Yet, according to LexisNexis, not one major media outlet other than FNC thought it was at all newsworthy that Harry Alford called Boxer "God-awful" for pitting the opinions of other black organizations against his.
You think this would have been boycotted, especially on the 100th anniversary of the NAACP, if Boxer had an "R" next to her name instead of a "D"?
For those interested in hearing more from Alford, he was interviewed by LA radio host and Sarah Palin documentarian John Ziegler Friday, and made some comments about Boxer I guarantee media will also ignore (video embedded below the fold, h/t Hot Air):
Looking for some wholesome entertainment to share with the kids this fall?
Well, don't turn on ABC at 9:30 PM (8:30 CST), for in that prime time slot will be a new sit-com called "Cougar Town."
Yep, you guessed it: another show about mature divorced women seeking men half their age for -- ahem -- dates.
One glimpse at the following sexually charged preview, along with ABC's own description of the show, should give readers all they need to know (video embedded below the fold):
One of the sad byproducts of journalism's decline is that you rarely see a great debate on television anymore between a liberal and a conservative without it devolving into a lot of yelling, name calling, and folks talking over each other.
On Thursday night, MSNBC's Rachel Maddow invited Pat Buchanan on to talk about the nomination of Sonia Sotomayor to the Supreme Court.
What ensued was a surprisingly civil and respectful ten minute discussion that should give viewers faith that it is still possible for folks on opposite sides of the political spectrum to converse like adults about controversial subjects (video embedded below the fold with transcript, file photo):
Six key moderate senators on Friday called for a slowdown in the White House's push for a healthcare reform bill.
Their decision was apparently precipitated by the Congressional Budget Office announcement Thursday that the legislation currently being discussed not only won't reduce healthcare costs, but also will have negative longterm ramifications to the economy given the increase in federal debt.
With this in mind, Ben Nelson (D-Neb.), Mary Landrieu (D-La.), Ron Wyden (D-Ore.), Joe Lieberman (I-Conn.), Susan Collins (R-Maine), and Olympia Snowe (R-Maine) sent Majority Leader Harry Reid (D-Nev.) and Minority Leader Mitch McConnell (R-Kent.) the following:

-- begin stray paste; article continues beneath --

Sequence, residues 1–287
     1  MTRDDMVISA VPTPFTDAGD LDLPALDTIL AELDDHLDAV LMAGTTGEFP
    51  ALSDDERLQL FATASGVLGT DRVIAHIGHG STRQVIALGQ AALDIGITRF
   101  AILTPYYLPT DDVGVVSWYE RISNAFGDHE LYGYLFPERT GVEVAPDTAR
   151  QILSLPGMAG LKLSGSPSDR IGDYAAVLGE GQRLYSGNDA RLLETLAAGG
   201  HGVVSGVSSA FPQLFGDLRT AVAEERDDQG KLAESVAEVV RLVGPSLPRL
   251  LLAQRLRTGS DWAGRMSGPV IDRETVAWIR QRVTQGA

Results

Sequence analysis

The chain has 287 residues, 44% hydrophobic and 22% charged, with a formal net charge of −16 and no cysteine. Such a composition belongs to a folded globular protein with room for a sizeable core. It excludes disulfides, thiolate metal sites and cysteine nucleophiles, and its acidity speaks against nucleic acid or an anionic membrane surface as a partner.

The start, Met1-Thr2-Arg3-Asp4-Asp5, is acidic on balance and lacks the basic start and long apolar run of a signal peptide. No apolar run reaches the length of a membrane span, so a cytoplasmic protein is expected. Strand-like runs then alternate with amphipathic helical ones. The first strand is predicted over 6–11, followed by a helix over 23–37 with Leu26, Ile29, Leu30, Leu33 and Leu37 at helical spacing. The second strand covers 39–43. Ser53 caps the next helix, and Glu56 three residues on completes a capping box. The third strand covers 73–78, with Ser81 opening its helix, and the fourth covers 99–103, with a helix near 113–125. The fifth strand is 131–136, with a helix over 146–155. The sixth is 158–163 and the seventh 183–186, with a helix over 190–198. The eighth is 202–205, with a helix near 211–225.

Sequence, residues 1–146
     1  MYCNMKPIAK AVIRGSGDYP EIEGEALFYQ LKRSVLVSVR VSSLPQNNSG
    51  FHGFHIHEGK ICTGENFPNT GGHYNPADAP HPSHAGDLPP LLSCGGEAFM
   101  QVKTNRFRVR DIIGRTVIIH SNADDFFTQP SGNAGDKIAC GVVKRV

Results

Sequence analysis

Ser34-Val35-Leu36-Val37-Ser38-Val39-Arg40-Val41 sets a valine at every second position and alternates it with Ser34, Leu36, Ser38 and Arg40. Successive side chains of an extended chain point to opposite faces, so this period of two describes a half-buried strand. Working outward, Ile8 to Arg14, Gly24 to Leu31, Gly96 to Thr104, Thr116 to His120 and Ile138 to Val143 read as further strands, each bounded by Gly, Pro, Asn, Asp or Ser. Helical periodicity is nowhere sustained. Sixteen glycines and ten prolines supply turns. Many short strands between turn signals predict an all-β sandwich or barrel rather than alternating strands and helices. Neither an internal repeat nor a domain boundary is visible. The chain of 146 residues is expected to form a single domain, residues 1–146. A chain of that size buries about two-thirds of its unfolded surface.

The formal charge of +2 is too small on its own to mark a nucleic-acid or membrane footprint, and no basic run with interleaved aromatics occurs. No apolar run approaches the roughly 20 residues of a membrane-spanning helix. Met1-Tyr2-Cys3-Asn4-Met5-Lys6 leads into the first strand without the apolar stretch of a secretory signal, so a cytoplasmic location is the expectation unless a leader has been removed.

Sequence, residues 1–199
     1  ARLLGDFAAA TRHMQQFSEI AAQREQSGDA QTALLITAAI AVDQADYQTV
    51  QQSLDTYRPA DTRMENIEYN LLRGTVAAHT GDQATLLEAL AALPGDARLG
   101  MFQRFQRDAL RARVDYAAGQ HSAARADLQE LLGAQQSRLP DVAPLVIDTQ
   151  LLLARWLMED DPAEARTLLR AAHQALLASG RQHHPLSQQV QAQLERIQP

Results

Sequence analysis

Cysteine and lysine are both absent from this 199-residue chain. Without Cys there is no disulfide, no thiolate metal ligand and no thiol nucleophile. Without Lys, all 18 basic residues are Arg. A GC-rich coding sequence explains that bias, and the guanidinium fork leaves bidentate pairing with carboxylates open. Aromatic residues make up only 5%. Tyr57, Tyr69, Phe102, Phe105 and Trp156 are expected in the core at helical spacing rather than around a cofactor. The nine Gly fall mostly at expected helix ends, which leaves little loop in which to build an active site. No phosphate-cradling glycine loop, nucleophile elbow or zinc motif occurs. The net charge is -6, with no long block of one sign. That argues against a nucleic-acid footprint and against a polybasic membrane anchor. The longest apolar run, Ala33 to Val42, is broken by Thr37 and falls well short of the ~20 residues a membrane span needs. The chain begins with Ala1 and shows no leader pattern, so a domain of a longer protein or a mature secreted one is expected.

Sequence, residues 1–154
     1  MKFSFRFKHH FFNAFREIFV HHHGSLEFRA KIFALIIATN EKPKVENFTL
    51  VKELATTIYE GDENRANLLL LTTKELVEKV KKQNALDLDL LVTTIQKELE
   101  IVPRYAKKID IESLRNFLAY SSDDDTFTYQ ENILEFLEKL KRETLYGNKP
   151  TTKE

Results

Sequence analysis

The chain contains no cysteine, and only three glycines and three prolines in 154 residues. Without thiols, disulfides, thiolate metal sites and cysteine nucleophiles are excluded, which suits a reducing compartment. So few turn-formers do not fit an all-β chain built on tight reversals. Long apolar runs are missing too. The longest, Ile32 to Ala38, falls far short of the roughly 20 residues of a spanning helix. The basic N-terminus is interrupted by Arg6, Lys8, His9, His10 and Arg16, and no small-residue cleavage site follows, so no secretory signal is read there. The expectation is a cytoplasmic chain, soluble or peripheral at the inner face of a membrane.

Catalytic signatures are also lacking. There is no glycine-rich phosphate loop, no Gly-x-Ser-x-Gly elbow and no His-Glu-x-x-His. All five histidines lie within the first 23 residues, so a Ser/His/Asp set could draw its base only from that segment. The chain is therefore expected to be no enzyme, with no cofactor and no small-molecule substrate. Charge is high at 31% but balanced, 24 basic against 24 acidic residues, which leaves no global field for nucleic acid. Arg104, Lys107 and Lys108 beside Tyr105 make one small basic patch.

In today's "She Really Didn't Say That, Did She?" segment, a contributing editor to Washington Post magazine claimed that if Supreme Court nominee Sonia Sotomayor were being really honest with America, "[S]he probably would want to say, 'Not only do I mean a wise Latina, I meant any Latina could make a better decision than a white man could.'"
For those unfamiliar, besides being contributing editor of the Post mag, Cathy Areu publishes Catalina which she created to portray a positive image of Hispanic women in the media and entertainment industry.
With that in mind, appearing on CNN's "Campbell Brown" Wednesday, Areu made statements that if made by a white person would certainly be deemed racist (video embedded below the fold with partial transcript, h/t NBer dronetek):
The last time we saw CNN correspondent Susan Roesgen, she was arguing with folks at the April 15 Tea Party in Chicago claiming the event was "anti-government, anti-CNN [and] highly promoted by the right-wing conservative network Fox."
Although CNN officials won't blame the decision specifically on this event, the network has decided not to renew her contract.
All together now: Aaaaaawwww.
As reported by TVNewser Thursday:
Ladies and gentlemen, to date no one in America has better defined Palin Derangement Syndrome than comedian Jackie Mason:
You hear every curse word in the world, every abusive word in the world from everybody so threatened by her that they have nothing to fear except for the fact that her showing up terrorizes them. It literally terrorizes them to such an extent that they're fearful of the possibility that her popularity will somehow catch on and she'll become a sensation. So they have to deride her with words that they never say for anybody else in the whole history of politics. Somebody else has to at least do something. A right or wrong before they get mad and start abusing and cursing the person. But she, all she has to do is make an announcement. It could be about anything. "I just had a glass of milk."
Just push play, and enjoy (absolute must-see video embedded below the fold):
Is making a racist remark about President Obama's daughter worse than wishing a conservative talk show host would die?
With all the media focus this week concerning the confirmation hearings for Sonia Sotomayor, the woman who could become the first Hispanic member of the Supreme Court, it will be interesting to see if anyone notices a confrontation that happened Thursday between Sen. Barbara Boxer (D-Cal.) and Harry Alford, the CEO of the National Black Chamber of Commerce.
During a hearing concerning the American Clean Energy and Security Act -- cap and tax to you and me -- Boxer for some reason chose to add to the record statements from the NAACP as well as the group 100 Black Men of Atlanta.
Alford took offense to this saying that the Senator was being "condescending," "racial," and it was "God awful" for her to pit the statements of other black groups against him (video embedded below the fold h/t Breitbart):